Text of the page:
South Africa’s most powerful struggle memoirs celebrate the personal as much as the political. That was the message of the M&G Literary Festival’s “Memory Is the Weapon” session, chaired by Mail & Guardian editor Nic Dawes, with a trio of South African veterans of the struggle speaking from the heart about falling in love and the battle for freedom.
There were moments of humour, too — notably when panellist Ronnie Kasrils recalled ruining an expensive table belonging to fellow panellist Rica Hodgson as he practised his bomb-making skills.
Kasrils and 91-year-old Hodgson were joined by Hugh Lewin, whose latest book, Stones against the Mirror (Umuzi), explores friendship and betrayal, as the former political prisoner traces his 40-year journey towards reconciliation and healing. Kasrils hailed Lewin’s book as a “trailblazer” because of its “deeply personal” approach, which, he said, pushed the boundaries of politically inspired memoirs.
Hodgson, author of Foot Soldier for Freedom (Picador Africa) — an account of nearly 70 years in the struggle — explained why she had come to writing so late in life. The realisation that very few “ordinary women” had told their stories prompted her to take up her pen, she said. She had hoped her example would inspire other women to write their own memoirs, she said. She felt personal stories could bring history alive for the younger generation of South Africans who never experienced apartheid and who “can’t fathom” what it was all about.
Revolutionary love story
Founding member of Umkhonto weSizwe and former minister of intelligence Kasrils disclosed his softer side as he spoke about his late wife, Eleanor — the inspiration for his latest memoir, The Unlikely Secret Agent (Jacana).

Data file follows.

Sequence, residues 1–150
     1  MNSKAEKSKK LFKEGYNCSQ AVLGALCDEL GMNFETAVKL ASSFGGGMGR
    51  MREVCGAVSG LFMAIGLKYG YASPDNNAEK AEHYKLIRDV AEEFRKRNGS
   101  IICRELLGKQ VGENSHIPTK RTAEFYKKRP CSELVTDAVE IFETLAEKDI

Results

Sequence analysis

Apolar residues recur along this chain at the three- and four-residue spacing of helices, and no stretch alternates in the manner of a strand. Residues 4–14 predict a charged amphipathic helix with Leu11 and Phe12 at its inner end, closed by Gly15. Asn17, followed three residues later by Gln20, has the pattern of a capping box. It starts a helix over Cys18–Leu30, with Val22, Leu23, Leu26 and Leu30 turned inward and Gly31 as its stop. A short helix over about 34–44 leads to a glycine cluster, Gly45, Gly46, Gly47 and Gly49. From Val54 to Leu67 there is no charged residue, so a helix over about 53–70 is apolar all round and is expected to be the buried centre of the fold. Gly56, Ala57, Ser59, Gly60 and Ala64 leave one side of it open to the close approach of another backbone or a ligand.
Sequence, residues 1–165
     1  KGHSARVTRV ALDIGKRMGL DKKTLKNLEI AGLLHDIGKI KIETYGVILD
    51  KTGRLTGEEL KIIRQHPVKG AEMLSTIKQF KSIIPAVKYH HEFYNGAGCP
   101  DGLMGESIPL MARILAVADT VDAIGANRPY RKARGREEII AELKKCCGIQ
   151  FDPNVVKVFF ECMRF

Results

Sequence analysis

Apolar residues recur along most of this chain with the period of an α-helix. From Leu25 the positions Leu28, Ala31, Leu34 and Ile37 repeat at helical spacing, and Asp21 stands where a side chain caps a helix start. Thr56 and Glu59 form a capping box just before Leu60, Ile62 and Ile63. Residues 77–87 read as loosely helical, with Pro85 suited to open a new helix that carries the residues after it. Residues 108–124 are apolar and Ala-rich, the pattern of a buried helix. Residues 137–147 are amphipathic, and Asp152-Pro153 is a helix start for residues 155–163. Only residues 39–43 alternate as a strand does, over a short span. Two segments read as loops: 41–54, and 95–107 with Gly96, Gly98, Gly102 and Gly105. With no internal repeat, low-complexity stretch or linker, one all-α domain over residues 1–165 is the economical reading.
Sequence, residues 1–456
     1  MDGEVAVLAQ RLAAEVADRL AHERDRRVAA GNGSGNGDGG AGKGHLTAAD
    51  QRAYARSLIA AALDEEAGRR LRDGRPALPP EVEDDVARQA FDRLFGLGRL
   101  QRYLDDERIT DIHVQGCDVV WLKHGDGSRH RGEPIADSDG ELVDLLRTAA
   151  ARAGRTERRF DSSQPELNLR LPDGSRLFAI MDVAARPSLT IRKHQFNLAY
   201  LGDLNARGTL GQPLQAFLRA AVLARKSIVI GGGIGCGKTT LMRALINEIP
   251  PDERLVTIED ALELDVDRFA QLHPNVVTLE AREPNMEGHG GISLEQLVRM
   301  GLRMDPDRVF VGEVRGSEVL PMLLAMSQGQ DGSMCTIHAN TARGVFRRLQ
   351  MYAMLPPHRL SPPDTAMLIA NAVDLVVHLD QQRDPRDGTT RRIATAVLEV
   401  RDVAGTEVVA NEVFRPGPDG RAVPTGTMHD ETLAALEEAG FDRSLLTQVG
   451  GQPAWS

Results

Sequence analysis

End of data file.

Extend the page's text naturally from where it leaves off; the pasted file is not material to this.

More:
Kasrils said that in the process of writing his own “love story”, he became aware that the “revolution itself was built on the principle of love: for South Africa and its people”. He quoted a little-known comment from ANC leader Oliver Tambo, made when he was living in exile in Zambia. When asked what message he wanted to send to people back home, Tambo replied simply: “Tell them that I love them.”
Kasrils, who often looked as if he wanted to escape the confines of his leather couch, challenged the notion that apartheid-era memoirs are merely the work of “old farts”.
The [Julius] Malema generation, he said, did not understand the central principle of South Africa’s freedom struggle: “The commitment to the greater cause of opposing tyranny and oppression” without seeking personal gain.
It was “imperative”, he said, that young politicians prioritised “the people, not themselves”.
Both Kasrils and Hodgson were scornful of the South African Jewish Board of Deputies’ recent “apology” to Jews who had participated in the struggle and who had been “let down” by the Jewish community. “Why doesn’t the board apologise to all South Africans for the way they were treated during apartheid?” asked Hodgson.
Lewin agreed and urged South African writers to move beyond “over-simplified” definitions of race. “We really don’t need this kind of approach anymore,” he said.
Reading extracts from his book, Lewin also highlighted the complexity of writing about the struggle in a non-judgmental, nuanced way. He was not, he said, an investigative journalist or a historian. So his memoir was not about “archival truth”. Instead, it was “an attempt to understand” and to “shatter the mirror” of self-deception.
But beware, Lewin warned: the pieces of the mirror are sharp and if you pick them up “they may make you bleed”.
For more coverage of the M&G LIterary Festival, see the special report.